Achieving High Rates of Consent for Genetic Testing Among African American Smokers

Nicotine Tob Res. 2007 Jun;9(6):711-6. doi: 10.1080/14622200701365228.

Abstract

Genetic factors play an important role in smoking behavior. Although African Americans are at disproportionately increased risk for tobacco-related morbidity and mortality, limited attention has been given to genetic investigation of tobacco use in this population. The present study examined consent for genetic testing among African American smokers enrolled in a smoking cessation clinical trial. African American light smokers (</=10 cigarettes/day) enrolled in a smoking cessation study met with study counselors to review consent forms for an adjunct study and responded to a request for genetic analysis related to smoking. Participants completed assessment of demographic, psychosocial, and tobacco-related variables. Of 755 clinical trial participants, 745 (99%) responded to the genetic consent form. Of participants who responded, 620 (83%) provided consent for blood collection for genetic analysis. No significant differences were identified between individuals who consented to genetic analysis and those who denied consent. This study demonstrated the feasibility of obtaining consent for genetic analysis for smoking-related investigation among African American smokers. Findings support the inclusion of African Americans within genetic investigation of tobacco use and treatment.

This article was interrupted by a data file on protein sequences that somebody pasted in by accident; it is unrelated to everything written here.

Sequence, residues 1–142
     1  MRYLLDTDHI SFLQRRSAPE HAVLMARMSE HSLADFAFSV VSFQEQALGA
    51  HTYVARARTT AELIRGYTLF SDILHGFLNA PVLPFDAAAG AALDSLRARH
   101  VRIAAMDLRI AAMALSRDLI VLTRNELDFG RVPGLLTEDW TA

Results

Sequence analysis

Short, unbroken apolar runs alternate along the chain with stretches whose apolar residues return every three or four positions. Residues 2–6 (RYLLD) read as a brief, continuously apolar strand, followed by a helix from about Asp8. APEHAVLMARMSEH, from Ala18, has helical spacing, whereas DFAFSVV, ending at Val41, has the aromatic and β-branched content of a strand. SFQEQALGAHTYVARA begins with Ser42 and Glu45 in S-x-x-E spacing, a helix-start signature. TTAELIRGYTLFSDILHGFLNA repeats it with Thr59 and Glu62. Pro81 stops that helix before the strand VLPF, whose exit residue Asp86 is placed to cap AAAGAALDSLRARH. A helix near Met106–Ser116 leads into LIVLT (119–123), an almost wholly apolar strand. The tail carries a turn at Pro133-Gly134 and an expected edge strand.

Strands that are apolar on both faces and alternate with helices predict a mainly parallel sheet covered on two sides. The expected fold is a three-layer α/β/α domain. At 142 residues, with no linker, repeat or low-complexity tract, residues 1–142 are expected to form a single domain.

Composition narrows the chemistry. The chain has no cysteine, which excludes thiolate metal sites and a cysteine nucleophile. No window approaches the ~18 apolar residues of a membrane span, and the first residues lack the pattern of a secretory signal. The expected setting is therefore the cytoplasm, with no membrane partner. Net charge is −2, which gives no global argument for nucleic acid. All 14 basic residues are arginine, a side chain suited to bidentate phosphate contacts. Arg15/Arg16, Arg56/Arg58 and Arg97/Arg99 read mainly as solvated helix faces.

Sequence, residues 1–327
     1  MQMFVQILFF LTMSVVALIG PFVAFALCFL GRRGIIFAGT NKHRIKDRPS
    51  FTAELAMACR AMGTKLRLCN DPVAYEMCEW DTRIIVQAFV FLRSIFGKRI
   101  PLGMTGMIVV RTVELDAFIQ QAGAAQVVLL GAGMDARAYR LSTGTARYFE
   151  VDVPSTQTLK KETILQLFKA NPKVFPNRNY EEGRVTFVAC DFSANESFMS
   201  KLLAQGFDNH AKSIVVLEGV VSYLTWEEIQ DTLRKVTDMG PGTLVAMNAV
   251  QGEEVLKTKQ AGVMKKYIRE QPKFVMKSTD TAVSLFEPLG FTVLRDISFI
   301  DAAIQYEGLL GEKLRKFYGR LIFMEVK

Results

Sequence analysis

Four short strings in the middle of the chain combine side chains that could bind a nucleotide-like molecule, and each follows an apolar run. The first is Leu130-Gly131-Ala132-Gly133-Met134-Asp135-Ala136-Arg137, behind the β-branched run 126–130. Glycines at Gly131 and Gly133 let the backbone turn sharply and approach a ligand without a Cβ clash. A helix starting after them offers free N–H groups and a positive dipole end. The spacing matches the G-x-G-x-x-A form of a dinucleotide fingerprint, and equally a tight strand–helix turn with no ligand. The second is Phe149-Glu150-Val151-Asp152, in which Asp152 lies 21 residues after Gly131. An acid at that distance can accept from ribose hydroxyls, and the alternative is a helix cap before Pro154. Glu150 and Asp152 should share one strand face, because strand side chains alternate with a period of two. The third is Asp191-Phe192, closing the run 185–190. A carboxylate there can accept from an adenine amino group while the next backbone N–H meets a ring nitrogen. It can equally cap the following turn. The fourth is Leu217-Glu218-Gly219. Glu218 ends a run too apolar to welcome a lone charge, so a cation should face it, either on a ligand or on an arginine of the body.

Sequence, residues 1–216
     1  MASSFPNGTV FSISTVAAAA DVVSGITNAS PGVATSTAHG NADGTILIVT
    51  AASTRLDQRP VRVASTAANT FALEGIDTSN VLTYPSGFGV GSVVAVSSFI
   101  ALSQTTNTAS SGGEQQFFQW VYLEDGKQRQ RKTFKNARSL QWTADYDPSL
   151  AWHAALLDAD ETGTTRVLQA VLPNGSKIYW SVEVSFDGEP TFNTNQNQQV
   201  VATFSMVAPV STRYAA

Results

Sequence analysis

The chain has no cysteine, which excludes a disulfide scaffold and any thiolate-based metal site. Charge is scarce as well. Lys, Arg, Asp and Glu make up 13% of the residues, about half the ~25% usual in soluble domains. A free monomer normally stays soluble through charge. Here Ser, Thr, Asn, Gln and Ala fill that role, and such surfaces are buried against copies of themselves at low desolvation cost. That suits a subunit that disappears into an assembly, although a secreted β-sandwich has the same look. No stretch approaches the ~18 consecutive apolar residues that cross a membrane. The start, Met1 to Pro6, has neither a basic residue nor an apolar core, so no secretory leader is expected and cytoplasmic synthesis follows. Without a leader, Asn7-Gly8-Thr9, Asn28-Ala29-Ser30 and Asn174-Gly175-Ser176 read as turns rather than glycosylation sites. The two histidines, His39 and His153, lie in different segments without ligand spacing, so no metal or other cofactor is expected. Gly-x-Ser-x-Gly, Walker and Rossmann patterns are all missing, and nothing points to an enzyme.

Publication types

  • Research Support, N.I.H., Extramural

MeSH terms

  • Adult
  • African Americans
  • Attitude to Health
  • Female
  • Genetic Testing / statistics & numerical data*
  • Humans
  • Informed Consent / statistics & numerical data*
  • Male
  • Middle Aged
  • Patient Participation / statistics & numerical data*
  • Smoking / epidemiology
  • Smoking / ethnology
  • Smoking / genetics*
  • Smoking Cessation / ethnology*
  • Surveys and Questionnaires
  • United States